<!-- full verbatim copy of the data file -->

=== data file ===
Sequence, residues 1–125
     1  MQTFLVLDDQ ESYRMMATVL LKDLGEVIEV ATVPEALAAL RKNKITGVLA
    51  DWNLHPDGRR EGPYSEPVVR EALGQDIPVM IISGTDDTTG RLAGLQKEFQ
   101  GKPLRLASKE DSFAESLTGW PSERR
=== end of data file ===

Sequence, residues 1–125
     1  MQTFLVLDDQ ESYRMMATVL LKDLGEVIEV ATVPEALAAL RKNKITGVLA
    51  DWNLHPDGRR EGPYSEPVVR EALGQDIPVM IISGTDDTTG RLAGLQKEFQ
   101  GKPLRLASKE DSFAESLTGW PSERR